One example of a problem that’s hard for classical computers to solve but easy for them to check is called prime factoring. Prime factoring is actually a super important problem, because we use it to secure information online. This problem is trying to find the two particular prime numbers that you can multiply together to get another larger number.

For example, if we’re trying to find the prime factors of 15, we’re looking for two prime numbers that multiply to 15. In math terms, we want p₁ and p₂ such that

p₁ x p₂ = n =15.

Since there are only a few prime numbers less than 15 (they are 2, 3, 5, 7, 11, 13), it’s pretty easy to identify that

p₁ = 5 and p₂ = 3.

But what if n=49,944,743 instead? Now, there are tons of prime numbers that we need to check to find p₁ and p₂, so it’s much harder to identify the correct solution

p₁ = 6959 and p₂ = 7177.

But importantly, once we know the solution, checking it is super easy (just multiply the numbers together and see if they match)! So this is a great example of a problem where regular computers can help us check the results we get from our quantum computers.

But for other problems, this question of checking our results isn’t so easy. With classical computers, it’s possible (in theory) to check each step of a calculation, but the quantum nature of qubits prevents this from being done on a quantum computer, because measuring changes the quantum state. Similarly, you could use another quantum computer to check the answer produced by the first quantum computer, but that begs the question of how you know either computer is correct, even if they come to the same result. So the quantum verification problem comes down to this: how do we check our results?


Urmila Mahadev to the Rescue!

Very recently, a scientist named Urmila Mahadev came up with a very clever solution to the problem, a solution she thought up while she was still finishing up her graduate school education. Her idea was this- let’s force the quantum computer we’re using to verify itself!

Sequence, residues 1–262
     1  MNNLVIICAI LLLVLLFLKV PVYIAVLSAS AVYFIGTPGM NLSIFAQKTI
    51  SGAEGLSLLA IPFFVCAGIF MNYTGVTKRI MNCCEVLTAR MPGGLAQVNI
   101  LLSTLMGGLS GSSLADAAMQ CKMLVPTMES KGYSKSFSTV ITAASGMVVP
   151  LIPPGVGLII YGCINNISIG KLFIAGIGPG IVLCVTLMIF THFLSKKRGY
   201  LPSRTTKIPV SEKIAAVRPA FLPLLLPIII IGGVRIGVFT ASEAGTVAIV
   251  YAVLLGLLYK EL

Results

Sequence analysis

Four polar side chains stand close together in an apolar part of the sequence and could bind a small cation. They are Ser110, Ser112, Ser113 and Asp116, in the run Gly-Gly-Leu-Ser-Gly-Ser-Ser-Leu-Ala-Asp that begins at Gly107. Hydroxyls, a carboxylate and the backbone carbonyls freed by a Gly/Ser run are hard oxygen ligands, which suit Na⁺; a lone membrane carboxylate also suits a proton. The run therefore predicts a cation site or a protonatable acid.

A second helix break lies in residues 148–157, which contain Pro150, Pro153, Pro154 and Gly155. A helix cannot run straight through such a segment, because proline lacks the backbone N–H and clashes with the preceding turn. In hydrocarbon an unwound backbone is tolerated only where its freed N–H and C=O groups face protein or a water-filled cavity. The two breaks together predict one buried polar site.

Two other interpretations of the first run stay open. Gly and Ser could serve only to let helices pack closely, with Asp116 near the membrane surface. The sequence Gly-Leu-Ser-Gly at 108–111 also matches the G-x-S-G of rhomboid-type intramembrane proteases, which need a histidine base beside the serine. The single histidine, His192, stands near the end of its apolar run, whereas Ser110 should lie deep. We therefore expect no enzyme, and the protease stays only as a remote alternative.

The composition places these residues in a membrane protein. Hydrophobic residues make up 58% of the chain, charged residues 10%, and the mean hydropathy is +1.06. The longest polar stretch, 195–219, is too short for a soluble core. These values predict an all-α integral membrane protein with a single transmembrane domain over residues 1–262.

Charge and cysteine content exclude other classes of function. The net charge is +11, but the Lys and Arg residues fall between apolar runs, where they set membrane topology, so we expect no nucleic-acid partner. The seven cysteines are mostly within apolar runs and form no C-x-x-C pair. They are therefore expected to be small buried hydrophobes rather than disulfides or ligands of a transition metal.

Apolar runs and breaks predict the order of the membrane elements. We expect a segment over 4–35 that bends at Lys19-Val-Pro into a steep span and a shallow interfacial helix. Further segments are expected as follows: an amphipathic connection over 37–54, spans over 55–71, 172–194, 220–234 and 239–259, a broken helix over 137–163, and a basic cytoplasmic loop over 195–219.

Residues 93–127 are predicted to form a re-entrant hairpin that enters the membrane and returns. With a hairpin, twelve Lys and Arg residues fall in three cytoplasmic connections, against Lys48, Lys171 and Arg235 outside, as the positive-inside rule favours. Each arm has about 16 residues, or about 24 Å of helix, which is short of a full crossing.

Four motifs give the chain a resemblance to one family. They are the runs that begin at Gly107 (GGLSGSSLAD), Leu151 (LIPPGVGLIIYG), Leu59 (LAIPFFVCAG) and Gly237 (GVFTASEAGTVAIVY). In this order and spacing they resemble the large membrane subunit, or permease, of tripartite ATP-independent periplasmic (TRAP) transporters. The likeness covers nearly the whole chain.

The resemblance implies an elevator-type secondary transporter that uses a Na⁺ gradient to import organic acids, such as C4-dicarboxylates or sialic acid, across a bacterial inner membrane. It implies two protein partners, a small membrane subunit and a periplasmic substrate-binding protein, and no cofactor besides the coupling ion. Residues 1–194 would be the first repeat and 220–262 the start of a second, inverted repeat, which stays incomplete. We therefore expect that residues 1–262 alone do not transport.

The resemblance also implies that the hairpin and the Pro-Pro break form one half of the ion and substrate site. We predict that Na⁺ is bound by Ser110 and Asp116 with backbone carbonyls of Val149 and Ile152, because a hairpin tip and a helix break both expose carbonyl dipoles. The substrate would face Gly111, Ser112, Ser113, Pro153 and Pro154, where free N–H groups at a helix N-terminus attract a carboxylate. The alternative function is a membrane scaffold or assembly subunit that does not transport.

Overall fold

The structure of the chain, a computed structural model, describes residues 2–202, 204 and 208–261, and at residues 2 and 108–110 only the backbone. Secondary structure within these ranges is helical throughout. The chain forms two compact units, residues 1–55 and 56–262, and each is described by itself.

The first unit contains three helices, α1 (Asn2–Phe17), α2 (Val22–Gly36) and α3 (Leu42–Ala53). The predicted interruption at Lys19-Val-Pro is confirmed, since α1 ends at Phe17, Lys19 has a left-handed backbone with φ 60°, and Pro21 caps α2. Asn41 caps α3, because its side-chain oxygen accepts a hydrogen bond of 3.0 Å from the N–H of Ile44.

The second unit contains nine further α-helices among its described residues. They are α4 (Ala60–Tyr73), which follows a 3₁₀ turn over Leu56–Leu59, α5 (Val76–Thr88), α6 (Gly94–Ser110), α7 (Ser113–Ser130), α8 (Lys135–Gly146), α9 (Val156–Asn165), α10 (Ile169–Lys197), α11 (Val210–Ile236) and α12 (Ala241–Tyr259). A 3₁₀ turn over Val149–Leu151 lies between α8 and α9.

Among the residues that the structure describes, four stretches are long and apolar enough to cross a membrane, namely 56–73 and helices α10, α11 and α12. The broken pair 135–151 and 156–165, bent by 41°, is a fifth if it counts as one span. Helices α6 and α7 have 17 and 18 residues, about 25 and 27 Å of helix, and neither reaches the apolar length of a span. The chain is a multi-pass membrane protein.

Mahadev’s solution involves something called a “secret state,” which is a state known to the user but not the quantum computer. Secret states are constructed using “secret keys,” which allow a user to determine the input of a function based on its output. The functions used in this solution are special “two-to-one” functions. Two-to-one means that for every output y,

y = f(x)

has two different input solutions, {x₀, x₁}. The quantum computer only has access to the output y, and the secret state is the corresponding inputs {x₀, x₁} such that

f(x₀) = y = f(x₁).


Examples of two-to-one functions

An example of a two-to-one function is

y = f(x) = x² = (-x)² = f(-x) = y.

For a given y, x₀ = √y and x₁ = -√y. So when y = 4, x₀ = 2 and x₁=-2 !

The quantum computer can only measure the output (ex. y = 4). Without knowing the secret key, the computer cannot determine the input, because the secret key could be any function whose output equals 4!

Let’s connect two-to-one functions back to the idea of secret keys. Say we have a function

f(x) = x² + 4x - 4.

The secret key for this function is its inverse, or

x=√(y + 8) - 2.

Therefore, for y = 1, we know x₀ = 1and x₁ = -5. However, if we had no knowledge of f(x) (our secret key), we would have an infinite number of possible functions (all those that cross the line y = 1) to check to find the correct {x₀, x₁} pair! For example,

f(x) = x²

crosses the line y = 1 twice. Therefore, its inverse,

x = √y ,